French climber rescued on ‘killer mountain’ after being forced to abandon partner
Elisabeth Revol was climbing with Kildare-based mountaineer Tomasz Mackiewicz
French climber Elisabeth Revol (centre) poses with rescuers Denis Urubko (left) and Adam Bielecki at the base of Nanga Parbat mountain in Pakistan. Photograph: Adam Bielecki
French mountain climber Elisabeth Revol was on her way from Islamabad, Pakistan to a hospital in the French Alps late on Tuesday, after surviving a harrowing rescue on the 8,125m “killer mountain” Nanga Parbat in the Pakistani Himalayas.
Revol (37) had to make the wrenching decision to abandon her rope partner, Kildare-based Polish climber Tomasz Mackiewicz (43) at 7,280m. Mackiewicz was immobilised by severe frostbite, snow blindness and pulmonary and brain edema.
“She saved her skin,” Yannick Graziani, the leading French Himalayan climber told Libération newspaper. If Revol had stayed with Mackiewicz, “She would have died within two days. Obviously she took the right decision and no one will judge her.”
Revol is suffering from severe frostbite on her hands and feet, and French doctors will decide whether to amputate. Before she left Islamabad on Tuesday, she promised to return to the Himalayas, “but not Nanga Parbat”.
In February 2016, three climbers from Italy, Spain and Pakistan became the first to ascend Nanga Parbat in winter. Revol and Mackiewicz, who are understood to have made it to the summit and were descending when they got into difficulty, were the second team to do so. She is the first woman. It was her third try; Mackiewicz’s seventh.
Revol contacted her logistician in the French Alps via satphone on the night of January 25th-26th to tell him that she and Mackiewicz were in trouble. He raised €50,000 by crowdfunding to finance a rescue mission. The Pakistani Himalayas are a military zone and only army helicopters can fly there.
By good fortune, a team of Polish climbers led by Adam Bielecki were 160km away, preparing to ascend the world’s second highest mountain, the 8,611m K2. Eastern Europeans, particularly Poles, have made a speciality of climbing the Himalayas in winter. The Polish team had already adjusted to the altitude and offered the only possibility of saving Revol and Mackiewicz. “We all agreed,” Bielecki told Polish television. “Our priority was to save lives.”
The Pakistani army helicopter transported four Poles from K2 to Nanga Parbat, leaving them at a base camp at 4,800m late on January 27th. Two stayed at the camp. Bielecki and the Kazakh-Polish climber Denis Urubko headed immediately up the sheer face of the mountain. In temperatures of between -30 and -40 degrees, they climbed 1,200m in just eight hours, an ascent that usually takes two to three days.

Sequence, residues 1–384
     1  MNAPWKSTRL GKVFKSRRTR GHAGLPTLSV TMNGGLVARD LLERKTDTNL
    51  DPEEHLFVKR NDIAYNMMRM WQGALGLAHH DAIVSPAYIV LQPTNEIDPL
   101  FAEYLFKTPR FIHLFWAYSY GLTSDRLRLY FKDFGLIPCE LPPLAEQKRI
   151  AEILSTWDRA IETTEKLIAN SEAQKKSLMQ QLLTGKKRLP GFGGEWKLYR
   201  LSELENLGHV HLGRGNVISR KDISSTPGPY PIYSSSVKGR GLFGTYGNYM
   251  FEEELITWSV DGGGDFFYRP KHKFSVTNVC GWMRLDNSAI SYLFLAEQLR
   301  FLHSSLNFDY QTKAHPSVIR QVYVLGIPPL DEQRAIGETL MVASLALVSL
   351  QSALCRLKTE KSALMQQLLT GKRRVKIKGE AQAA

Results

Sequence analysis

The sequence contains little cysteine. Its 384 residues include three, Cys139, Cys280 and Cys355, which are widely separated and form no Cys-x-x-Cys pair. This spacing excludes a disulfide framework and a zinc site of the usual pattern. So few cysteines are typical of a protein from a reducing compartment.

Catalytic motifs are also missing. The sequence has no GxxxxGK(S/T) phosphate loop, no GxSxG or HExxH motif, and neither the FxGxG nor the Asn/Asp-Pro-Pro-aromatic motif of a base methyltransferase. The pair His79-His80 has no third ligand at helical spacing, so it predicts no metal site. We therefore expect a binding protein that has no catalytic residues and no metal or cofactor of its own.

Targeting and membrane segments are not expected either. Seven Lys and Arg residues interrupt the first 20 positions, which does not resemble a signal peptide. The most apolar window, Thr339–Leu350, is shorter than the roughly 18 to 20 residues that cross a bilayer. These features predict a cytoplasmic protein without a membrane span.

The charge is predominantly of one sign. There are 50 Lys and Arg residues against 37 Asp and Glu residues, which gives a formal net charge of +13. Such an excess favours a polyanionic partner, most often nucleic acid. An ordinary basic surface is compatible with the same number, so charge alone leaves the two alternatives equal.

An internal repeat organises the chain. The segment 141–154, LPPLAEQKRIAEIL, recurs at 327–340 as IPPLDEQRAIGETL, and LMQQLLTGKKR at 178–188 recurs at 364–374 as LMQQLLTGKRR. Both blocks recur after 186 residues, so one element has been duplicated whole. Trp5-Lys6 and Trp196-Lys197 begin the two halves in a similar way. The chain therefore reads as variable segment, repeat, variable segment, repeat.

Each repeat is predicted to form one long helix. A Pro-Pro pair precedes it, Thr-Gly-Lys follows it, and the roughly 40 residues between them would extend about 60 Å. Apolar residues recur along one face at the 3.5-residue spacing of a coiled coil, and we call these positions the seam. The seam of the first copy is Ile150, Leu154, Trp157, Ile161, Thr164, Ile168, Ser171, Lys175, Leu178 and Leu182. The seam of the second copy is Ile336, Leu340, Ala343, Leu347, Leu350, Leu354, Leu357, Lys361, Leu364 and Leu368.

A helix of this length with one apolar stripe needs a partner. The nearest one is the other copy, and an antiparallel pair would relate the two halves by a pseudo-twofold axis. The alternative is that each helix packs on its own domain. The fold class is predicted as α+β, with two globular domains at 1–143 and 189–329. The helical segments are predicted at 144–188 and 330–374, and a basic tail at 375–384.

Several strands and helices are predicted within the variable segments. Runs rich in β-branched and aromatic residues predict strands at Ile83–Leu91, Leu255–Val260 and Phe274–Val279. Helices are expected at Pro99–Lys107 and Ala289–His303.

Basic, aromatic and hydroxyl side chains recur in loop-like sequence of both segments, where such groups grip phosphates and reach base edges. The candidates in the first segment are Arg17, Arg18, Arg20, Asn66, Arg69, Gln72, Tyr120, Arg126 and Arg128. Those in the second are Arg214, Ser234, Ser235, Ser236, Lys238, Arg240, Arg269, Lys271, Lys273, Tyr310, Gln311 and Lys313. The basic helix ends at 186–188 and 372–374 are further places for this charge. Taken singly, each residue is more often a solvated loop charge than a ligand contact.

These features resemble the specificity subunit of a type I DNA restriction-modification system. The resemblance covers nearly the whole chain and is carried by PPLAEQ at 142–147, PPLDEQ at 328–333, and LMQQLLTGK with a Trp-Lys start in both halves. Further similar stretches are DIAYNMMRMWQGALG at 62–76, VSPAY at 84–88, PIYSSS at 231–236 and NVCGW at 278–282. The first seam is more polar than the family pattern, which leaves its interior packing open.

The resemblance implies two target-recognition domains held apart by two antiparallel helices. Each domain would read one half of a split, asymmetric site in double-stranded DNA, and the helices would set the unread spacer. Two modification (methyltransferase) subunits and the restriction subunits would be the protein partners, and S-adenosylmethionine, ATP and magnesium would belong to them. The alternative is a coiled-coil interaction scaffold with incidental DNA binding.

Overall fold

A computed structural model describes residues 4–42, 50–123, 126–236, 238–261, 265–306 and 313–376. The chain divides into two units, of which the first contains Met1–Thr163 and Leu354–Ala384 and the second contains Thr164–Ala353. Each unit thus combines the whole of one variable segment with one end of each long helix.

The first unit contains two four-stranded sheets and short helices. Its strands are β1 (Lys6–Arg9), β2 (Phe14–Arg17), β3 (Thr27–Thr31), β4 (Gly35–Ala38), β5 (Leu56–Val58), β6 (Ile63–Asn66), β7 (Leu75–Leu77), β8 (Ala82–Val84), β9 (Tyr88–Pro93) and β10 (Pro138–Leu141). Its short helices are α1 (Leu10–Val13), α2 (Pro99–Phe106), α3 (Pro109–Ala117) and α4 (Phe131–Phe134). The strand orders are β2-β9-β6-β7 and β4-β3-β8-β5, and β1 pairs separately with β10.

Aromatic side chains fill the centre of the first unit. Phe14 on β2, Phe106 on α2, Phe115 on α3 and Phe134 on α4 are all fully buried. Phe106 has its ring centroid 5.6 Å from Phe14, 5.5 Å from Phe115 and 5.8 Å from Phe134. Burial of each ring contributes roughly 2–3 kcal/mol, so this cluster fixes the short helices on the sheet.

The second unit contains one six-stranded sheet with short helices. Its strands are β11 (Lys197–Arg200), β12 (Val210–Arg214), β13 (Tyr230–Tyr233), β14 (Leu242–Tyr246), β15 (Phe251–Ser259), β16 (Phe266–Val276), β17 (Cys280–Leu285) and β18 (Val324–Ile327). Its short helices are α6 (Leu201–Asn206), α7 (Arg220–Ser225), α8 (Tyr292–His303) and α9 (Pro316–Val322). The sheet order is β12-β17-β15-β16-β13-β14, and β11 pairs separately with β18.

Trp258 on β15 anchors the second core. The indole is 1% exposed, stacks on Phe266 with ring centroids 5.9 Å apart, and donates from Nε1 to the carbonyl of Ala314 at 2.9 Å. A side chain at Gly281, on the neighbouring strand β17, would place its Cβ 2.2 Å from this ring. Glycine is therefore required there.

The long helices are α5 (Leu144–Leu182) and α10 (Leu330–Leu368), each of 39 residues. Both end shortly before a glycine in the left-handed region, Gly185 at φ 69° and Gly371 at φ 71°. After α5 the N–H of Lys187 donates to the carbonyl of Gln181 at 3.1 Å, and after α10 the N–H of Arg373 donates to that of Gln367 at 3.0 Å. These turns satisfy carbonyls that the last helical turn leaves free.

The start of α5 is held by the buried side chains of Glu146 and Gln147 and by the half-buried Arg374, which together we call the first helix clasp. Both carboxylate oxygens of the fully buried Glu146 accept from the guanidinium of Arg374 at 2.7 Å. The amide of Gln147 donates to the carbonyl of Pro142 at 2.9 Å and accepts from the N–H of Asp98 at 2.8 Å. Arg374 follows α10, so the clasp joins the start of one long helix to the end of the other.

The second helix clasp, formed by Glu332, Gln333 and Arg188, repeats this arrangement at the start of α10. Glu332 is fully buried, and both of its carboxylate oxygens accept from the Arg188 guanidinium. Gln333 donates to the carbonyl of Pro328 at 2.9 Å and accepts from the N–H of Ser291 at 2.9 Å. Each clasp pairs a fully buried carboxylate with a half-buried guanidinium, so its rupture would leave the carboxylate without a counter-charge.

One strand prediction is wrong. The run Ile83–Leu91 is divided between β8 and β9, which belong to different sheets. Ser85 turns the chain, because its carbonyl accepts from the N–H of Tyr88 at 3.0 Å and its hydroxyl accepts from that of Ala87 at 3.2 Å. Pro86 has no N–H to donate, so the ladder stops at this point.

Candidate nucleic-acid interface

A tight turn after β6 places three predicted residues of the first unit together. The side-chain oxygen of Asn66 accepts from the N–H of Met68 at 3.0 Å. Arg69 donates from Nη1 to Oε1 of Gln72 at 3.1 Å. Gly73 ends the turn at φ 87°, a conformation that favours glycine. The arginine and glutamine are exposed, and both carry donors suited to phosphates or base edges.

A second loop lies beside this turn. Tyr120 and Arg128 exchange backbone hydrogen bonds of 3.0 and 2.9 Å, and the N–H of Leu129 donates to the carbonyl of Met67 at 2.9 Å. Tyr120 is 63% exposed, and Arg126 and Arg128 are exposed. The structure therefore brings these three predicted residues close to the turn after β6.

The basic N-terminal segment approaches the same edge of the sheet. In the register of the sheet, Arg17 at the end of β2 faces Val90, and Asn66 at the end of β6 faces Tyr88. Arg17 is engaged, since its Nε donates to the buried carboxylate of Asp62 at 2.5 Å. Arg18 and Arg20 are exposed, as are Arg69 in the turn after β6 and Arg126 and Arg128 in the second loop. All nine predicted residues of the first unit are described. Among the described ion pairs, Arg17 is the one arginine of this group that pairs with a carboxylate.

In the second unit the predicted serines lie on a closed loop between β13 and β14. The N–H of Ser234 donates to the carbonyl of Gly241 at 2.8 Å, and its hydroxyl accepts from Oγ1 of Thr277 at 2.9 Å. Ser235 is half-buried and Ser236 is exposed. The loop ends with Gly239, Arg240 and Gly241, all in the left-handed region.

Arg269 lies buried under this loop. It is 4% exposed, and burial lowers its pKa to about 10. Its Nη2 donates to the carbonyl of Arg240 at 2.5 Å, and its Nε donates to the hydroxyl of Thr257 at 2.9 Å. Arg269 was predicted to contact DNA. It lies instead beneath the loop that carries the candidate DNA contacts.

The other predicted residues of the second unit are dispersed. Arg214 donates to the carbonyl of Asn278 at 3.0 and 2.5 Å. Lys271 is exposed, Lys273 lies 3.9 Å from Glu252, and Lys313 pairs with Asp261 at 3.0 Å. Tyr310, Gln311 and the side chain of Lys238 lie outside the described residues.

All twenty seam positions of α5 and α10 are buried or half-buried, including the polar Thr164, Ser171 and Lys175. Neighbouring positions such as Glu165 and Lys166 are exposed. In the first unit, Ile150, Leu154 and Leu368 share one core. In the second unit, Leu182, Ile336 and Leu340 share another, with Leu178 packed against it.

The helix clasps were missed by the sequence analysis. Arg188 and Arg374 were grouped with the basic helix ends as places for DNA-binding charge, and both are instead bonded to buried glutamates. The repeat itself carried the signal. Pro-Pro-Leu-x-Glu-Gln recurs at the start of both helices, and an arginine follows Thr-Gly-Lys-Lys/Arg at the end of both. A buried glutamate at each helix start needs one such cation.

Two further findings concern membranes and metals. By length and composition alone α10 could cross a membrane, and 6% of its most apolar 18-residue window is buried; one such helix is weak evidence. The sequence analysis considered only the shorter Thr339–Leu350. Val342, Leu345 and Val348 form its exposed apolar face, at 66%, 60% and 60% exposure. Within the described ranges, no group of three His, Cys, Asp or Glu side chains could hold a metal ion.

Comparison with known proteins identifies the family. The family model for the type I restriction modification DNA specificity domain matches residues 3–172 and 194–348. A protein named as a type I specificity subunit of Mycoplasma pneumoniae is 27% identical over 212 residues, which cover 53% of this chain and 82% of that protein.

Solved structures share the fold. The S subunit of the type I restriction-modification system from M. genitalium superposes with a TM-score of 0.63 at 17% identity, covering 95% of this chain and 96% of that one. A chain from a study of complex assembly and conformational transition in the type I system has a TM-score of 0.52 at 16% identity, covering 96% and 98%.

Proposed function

In the meantime, Revol continued inching down the mountain face, at an extremely slow pace.
So many people were following Bielecki and Urubko’s ascent via their GPS signal that the rescuers asked them to stop, for fear the traffic would interfere with transmission. Some were posting maps of their progress on Twitter.
At about 2am on Sunday, Bielecki and Urubko found Revol at around 6,000m. “It was very dark. I couldn’t see anything,” Urubko told the Spanish mountaineering website Desnivel. In a short video posted on YouTube, one hears him say, in English and Polish,“Elisabeth. Nice to see you. Adam, I hear her.”
Let her rest
Revol was weak, exhausted and extremely dehydrated. Biekelcki and Urubko set up a small tent, gave her medicine and water and let her rest. The Poles were confronted with the same terrible decision that Revol had made earlier.
“We had to choose. Either we helped Elisabeth survive, or we continued up with very little chance of finding Tomek,” Urubko said.
“We knew that even if we got to Tomek, we couldn’t help him. It was a very difficult moment,” Biekecki added.
The Poles began their descent with Revol at about 4am. The army helicopter flew her from the base camp to Islamabad.
This is the second time that Revol has lost a rope partner. In 2009, she was climbing the Nepalese peak of Annapurna, 8,091m, when her Czech team mate Martin Minarik disappeared. He was never found. She stopped climbing for four years.
Bielecki lost two Polish team mates during an expedition in 2013.
In 1985, British climbers Simon Yates and Joe Simpson reached the top of Siula Grande peak in the Peruvian Andes. Simpson broke his leg, slipped and was suspended by a rope over a deep ravine. Yates realised they would both die if he continued holding the rope, which he cut. Simpson survived his consequent fall, however, crawled back to base camp and wrote the best-selling book Touching the Void.